First decided case under section 30 since the Supreme Court decision in S Franses v Cavendish House Hotel (London) Ltd


Summary

Despite being a Central London County Court decision, the London Kendal Street No 3 case (see here) is the first reported decision in which a court has applied the test established by the Supreme Court in S Franses in deciding whether the redevelopment ground of opposition to lease renewal has been proved: there is a need to decide whether the landlord would intend to carry out the same works if the tenant left the premises voluntarily.

The London Kendal Street No 3 case involved the landlord's opposition to the tenant's business lease renewal. The tenant argued that the landlord did not have the requisite intention required by section 30 (1) (f) Landlord and Tenant Act 1954 ("1954 Act").The Court had regard to the S Franses case and also had to consider the possibility of other tenants in the building obtaining an injunction to stop the landlord from carrying out its works. It was still held on the evidence, that the landlord had the requisite intention required by ground (f) to carry out its works.

Landlord's intention to demolish/reconstruct

In December 2018, the Supreme Court decision in S Franses (see here Franses v Cavendish Hotel Ltd briefing note) caused some consternation for landlords but came as welcome news for tenants seeking renewal of their business tenancies. In S Franses, the landlord devised a scheme of works with no real practical value to obtain possession of valuable space to oppose renewal of the tenant's lease.

The 'Franses test'

In S Franses, the Supreme Court ruled that to oppose a statutory lease renewal under section 30 (1) (f) (this ground applies where (paraphrasing) on the termination of the current tenancy, the landlord intends to demolish or reconstruct the property (or a substantial part of it) and could not reasonably do so without obtaining possession: the so- called 'redevelopment ground'), the landlord must not only show that it has the requisite intention to carry out the works but that its intention to do the works in question is not conditional on whether its tenant chooses to seek a new lease.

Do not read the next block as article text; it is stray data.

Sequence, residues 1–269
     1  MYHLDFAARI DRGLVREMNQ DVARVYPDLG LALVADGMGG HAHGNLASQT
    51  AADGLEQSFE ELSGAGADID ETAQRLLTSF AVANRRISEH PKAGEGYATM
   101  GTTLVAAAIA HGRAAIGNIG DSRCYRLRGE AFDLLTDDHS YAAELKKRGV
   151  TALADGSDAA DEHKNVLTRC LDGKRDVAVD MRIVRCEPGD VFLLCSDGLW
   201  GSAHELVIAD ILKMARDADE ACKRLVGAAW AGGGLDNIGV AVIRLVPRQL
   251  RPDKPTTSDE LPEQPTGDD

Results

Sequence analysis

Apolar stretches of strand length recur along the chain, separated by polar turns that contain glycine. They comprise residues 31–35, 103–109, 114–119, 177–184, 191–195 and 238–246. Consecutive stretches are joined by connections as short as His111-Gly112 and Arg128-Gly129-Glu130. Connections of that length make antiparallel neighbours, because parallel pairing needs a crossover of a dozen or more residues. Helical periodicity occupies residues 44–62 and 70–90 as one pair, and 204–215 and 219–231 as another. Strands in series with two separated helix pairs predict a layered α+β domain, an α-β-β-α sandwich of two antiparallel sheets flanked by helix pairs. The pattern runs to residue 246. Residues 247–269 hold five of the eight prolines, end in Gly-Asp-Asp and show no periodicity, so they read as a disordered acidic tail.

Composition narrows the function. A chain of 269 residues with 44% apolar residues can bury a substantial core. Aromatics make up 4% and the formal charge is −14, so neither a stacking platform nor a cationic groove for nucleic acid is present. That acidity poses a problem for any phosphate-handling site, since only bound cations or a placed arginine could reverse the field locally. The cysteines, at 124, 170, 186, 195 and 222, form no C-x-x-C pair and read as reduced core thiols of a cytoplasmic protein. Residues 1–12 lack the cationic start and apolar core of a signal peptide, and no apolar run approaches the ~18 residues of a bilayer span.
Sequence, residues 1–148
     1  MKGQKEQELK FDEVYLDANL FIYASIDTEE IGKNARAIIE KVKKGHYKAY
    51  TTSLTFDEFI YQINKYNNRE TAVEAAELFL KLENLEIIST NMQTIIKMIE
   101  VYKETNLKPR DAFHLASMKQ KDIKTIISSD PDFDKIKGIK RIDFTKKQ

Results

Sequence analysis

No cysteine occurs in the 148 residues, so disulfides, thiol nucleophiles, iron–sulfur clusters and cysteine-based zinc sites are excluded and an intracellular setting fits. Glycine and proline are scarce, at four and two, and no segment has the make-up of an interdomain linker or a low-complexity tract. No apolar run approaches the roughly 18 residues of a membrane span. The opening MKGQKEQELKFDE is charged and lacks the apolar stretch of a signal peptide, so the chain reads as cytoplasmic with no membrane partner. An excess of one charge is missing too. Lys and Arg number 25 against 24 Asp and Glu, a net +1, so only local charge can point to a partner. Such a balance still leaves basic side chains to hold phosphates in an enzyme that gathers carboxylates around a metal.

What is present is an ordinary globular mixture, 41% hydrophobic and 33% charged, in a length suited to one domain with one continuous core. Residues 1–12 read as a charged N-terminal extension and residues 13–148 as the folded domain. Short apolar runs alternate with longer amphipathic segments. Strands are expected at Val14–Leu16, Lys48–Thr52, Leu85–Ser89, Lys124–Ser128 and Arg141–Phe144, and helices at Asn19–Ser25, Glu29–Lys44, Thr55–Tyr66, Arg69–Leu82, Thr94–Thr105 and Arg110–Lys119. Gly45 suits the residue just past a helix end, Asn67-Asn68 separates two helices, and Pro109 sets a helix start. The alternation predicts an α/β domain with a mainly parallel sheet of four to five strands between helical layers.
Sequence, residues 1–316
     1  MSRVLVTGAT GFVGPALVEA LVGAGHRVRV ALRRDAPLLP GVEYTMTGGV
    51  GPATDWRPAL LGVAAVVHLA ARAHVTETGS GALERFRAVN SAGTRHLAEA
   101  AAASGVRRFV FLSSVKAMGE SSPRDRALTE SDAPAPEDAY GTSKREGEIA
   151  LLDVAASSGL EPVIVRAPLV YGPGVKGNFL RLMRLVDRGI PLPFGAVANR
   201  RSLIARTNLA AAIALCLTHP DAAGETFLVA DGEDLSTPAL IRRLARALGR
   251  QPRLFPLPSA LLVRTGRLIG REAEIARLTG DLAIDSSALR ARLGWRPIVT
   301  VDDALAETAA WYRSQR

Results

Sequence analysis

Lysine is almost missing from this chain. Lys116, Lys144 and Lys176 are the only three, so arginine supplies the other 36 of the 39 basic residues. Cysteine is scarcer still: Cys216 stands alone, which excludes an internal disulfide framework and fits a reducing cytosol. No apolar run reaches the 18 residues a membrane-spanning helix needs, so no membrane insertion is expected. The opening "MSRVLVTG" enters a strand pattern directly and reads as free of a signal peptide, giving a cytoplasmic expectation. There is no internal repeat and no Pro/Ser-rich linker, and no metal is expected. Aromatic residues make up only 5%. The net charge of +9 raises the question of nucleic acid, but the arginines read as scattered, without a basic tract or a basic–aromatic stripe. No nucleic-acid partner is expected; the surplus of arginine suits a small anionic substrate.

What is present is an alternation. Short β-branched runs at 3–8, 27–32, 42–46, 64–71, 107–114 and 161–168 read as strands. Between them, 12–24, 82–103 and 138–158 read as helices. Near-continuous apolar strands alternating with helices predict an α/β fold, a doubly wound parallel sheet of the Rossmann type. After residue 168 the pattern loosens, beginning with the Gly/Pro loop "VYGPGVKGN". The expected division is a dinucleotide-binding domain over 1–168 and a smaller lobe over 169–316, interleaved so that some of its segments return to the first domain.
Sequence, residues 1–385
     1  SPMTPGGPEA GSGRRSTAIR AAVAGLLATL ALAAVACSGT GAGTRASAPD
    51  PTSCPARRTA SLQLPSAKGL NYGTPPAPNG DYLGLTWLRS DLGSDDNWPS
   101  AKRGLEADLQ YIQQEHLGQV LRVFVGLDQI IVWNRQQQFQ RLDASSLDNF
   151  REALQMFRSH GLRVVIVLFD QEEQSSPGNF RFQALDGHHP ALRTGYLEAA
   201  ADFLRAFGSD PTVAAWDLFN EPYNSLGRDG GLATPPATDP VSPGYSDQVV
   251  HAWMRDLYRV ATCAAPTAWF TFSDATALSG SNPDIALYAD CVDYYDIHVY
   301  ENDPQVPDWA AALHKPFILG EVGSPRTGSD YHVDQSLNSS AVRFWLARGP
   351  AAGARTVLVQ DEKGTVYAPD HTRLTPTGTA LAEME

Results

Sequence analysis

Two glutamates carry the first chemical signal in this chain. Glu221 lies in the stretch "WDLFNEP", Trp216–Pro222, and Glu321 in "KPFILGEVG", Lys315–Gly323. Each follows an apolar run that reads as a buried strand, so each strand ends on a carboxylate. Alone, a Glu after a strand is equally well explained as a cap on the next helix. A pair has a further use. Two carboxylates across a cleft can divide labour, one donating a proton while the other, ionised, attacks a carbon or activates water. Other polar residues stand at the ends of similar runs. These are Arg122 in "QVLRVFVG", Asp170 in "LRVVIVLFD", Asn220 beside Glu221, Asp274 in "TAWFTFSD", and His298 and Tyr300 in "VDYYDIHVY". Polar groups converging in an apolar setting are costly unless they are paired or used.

The question to be considered is: Would the landlord intend to do the same works, even if the tenant left of its own accord? Following S Franses, the landlord's intention to demolish or reconstruct the premises must exist independently of the tenant's claim to a statutory new tenancy.

London Kendal Street No3 Ltd v Daejan Investments Ltd: case facts

The landlord served a section 25 notice on the tenant to terminate the tenant's lease of Suite C2, ground floor premises at Park West, Marble Arch, Edgeware Road, London. The landlord indicated also that it would oppose the grant of a new lease on the basis of ground (f).This lease was one of four leases on the ground floor of the same building held by a group of companies (IWG). IWG's business was the granting of short-term licences to office occupiers and the property in question (Suite C2) comprised facilities available for common use by those occupiers. The building had a large disused basement and the landlord wanted to restore the basement so it could be let on a commercial basis. On Suite C2 specifically, the landlord wanted to create a new front entrance and lobby with a new lift and staircase to the basement. The landlord had previously started works on the basement, but these works had stopped when IWG threatened an injunction because of high noise levels and disturbance.

Tenant's argument